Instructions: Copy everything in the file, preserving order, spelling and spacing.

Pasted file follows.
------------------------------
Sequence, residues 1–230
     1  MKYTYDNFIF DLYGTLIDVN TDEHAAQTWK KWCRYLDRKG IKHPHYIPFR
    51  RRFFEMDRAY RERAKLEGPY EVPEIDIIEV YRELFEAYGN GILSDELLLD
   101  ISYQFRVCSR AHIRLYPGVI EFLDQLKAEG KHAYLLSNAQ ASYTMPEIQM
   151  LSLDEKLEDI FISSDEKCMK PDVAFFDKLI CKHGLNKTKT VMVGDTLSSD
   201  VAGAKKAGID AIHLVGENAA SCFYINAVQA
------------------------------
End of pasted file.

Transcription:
Sequence, residues 1–230
     1  MKYTYDNFIF DLYGTLIDVN TDEHAAQTWK KWCRYLDRKG IKHPHYIPFR
    51  RRFFEMDRAY RERAKLEGPY EVPEIDIIEV YRELFEAYGN GILSDELLLD
   101  ISYQFRVCSR AHIRLYPGVI EFLDQLKAEG KHAYLLSNAQ ASYTMPEIQM
   151  LSLDEKLEDI FISSDEKCMK PDVAFFDKLI CKHGLNKTKT VMVGDTLSSD
   201  VAGAKKAGID AIHLVGENAA SCFYINAVQA